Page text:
The Stanly News and Press (Albemarle, NC)

Opinion & Letters to the Editor

February 23, 2014

Running away from politics

Saturday, February 22, 2014 — RALEIGH — I often wonder whether all the partisan nastiness and money-grubbing that goes on in politics these days is increasingly leaving the political world, both nationally and at the state level, to know-nothings and rascals.

When you hear defenders of the current system speak as if the landscape is all good, that gobs of money ought to be spent when important policy decisions are at stake, that political polarization is about competing ideas, you won’t hear them mention the dumbing down of the political class as a potential consequence.

But I’m not sure what other explanation suffices for some recent events and matters that have come to my attention.

Just the other day, I received an email, sent either by a legislative candidate or his campaign helper, referring to the legislative district as a “State House Congressional District.”

Now, maybe it is just me, but if you aren’t sure whether you are running for the legislature or Congress, maybe you shouldn’t be running. Otherwise, if you win, you might be surprised when you show up in D.C. to be sworn into office.

About the same time, I saw a sitting state legislator go on statewide television to brag about how North Carolina is eighth in state public school funding, implying that any funding deficiency was the fault of local government. He went on to tell viewers that “the newspapers” will try to tell you something else. Wink, wink.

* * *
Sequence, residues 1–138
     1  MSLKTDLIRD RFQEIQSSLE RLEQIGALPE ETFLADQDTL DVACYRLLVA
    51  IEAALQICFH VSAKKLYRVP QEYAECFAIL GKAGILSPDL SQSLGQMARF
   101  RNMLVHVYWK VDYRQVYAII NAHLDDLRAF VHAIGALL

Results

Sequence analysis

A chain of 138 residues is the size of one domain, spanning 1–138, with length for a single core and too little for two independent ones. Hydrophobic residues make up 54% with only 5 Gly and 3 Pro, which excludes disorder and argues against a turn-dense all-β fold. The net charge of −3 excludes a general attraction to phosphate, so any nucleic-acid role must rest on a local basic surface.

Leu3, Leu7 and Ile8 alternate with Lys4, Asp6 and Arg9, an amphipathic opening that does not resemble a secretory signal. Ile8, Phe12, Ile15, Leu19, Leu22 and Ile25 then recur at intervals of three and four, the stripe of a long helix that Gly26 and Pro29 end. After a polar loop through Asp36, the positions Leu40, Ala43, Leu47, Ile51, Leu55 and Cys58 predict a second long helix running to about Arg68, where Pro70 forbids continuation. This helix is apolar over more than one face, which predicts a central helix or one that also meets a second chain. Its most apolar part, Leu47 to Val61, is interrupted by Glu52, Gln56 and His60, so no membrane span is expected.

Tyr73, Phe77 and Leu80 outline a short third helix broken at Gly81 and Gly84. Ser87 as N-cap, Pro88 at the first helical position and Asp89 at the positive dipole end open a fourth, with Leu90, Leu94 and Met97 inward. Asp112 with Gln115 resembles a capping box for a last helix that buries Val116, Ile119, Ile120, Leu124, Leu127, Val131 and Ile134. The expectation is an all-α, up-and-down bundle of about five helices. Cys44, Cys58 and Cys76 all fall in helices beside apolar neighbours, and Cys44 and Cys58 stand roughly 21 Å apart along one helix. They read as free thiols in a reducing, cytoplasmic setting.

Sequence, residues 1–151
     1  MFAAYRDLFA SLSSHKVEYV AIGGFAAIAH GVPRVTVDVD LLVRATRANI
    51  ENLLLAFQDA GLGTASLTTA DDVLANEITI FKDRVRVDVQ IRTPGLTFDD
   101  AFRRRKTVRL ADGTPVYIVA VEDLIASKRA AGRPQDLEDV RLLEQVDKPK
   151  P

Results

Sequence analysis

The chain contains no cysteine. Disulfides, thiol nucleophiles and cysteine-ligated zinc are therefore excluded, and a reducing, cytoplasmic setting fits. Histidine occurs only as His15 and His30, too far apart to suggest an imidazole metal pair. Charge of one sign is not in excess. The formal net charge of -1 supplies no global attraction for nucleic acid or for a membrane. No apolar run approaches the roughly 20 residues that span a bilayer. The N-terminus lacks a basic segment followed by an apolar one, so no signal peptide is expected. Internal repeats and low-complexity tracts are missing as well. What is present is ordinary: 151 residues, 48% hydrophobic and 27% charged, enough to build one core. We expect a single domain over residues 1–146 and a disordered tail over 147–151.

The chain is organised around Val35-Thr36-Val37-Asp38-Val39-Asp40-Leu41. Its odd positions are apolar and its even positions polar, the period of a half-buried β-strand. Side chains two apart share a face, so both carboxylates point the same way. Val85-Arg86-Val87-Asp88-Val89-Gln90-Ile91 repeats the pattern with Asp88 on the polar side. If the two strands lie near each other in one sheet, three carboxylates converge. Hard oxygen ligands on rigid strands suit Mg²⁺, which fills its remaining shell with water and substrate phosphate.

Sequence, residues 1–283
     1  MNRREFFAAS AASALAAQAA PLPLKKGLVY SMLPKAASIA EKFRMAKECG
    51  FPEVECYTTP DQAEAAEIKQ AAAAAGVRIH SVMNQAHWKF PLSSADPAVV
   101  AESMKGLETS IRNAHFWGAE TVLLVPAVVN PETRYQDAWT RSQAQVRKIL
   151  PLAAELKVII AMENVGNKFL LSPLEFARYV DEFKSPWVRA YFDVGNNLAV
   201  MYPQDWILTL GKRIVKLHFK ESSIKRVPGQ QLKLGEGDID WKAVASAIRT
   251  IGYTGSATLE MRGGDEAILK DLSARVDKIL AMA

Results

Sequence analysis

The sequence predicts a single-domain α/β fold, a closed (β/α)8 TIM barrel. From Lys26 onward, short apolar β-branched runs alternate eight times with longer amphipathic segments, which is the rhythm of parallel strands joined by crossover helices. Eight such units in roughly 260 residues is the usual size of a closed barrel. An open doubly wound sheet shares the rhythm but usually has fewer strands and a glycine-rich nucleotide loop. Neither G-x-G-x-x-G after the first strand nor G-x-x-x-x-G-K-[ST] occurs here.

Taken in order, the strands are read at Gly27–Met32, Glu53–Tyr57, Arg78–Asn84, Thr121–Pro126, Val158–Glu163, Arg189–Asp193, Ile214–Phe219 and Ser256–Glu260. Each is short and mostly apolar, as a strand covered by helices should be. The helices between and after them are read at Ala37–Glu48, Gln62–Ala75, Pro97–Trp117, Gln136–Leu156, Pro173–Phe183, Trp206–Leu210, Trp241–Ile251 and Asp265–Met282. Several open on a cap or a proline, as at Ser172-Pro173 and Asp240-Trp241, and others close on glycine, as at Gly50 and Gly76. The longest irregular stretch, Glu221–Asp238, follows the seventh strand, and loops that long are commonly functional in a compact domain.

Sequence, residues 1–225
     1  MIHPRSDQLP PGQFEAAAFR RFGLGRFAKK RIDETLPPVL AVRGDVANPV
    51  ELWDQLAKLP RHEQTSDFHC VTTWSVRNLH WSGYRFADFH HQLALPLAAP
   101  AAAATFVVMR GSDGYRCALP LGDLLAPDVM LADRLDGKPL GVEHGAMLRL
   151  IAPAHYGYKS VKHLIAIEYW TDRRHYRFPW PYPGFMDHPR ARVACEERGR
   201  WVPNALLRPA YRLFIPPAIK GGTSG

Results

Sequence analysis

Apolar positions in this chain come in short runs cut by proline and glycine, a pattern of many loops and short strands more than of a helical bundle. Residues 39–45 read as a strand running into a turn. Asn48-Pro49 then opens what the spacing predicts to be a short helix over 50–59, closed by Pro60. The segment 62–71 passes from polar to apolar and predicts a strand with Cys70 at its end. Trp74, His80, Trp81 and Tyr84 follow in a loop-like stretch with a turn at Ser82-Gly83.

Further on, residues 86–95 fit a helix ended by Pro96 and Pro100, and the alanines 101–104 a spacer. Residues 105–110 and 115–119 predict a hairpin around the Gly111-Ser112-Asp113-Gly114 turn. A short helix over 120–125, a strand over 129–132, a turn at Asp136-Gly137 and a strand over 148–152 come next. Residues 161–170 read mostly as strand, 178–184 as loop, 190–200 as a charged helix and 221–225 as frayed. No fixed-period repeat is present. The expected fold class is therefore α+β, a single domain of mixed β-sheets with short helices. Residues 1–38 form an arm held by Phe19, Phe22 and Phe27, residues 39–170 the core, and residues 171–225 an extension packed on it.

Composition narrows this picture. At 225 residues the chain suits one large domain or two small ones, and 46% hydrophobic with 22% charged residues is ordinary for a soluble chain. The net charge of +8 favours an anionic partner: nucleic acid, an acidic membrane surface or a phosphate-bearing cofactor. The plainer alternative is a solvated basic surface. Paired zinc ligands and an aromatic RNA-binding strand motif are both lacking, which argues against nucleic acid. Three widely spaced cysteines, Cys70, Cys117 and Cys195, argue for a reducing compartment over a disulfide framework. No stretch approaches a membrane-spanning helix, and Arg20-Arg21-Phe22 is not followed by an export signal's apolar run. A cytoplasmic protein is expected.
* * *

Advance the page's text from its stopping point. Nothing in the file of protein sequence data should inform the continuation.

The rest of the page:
What “the newspapers” might tell you is that the gentleman has little understanding of state history or the funding structure of the state.

If he did, he might know that during the Great Depression, when local governments in North Carolina and across the South were going bankrupt, the legislature assumed responsibility for the operational costs of the public schools.

The 1931 and 1933 legislatures passed laws that specifically laid out those duties. The 1933 law made clear that the operational support was to be without the use of the local property tax.

Other states have different taxing and funding structures. None of that changes the fact that, on a per pupil basis, North Carolina’s total public school funding currently is near the bottom and state government is ultimately responsible.

A few days later, I watched as the head of a political organization proved that he knows nothing about politics.

The decision by Randy Voller, the chairman of the state Democratic Party, to fire an executive director steeped in political party organizing and try to replace him with controversial civil rights leader Ben Chavis proved predictably divisive among the party activists.

It also proved, once again, that Voller has no clue what a modern-day state political party organization is or what a chairman’s role is in it. (Here’s a hint: Go ask former state GOP chair Tom Fetzer.)

A lot of people might conclude that these events are disconnected.

But maybe they are symptoms of the same illness, that politics is being all but abandoned by anyone with good sense.

Scott Mooneyham is a syndicated columnist for Capitol Press Association.

 

1
Text Only
Opinion & Letters to the Editor
  • Doug Creamer Friends and contentment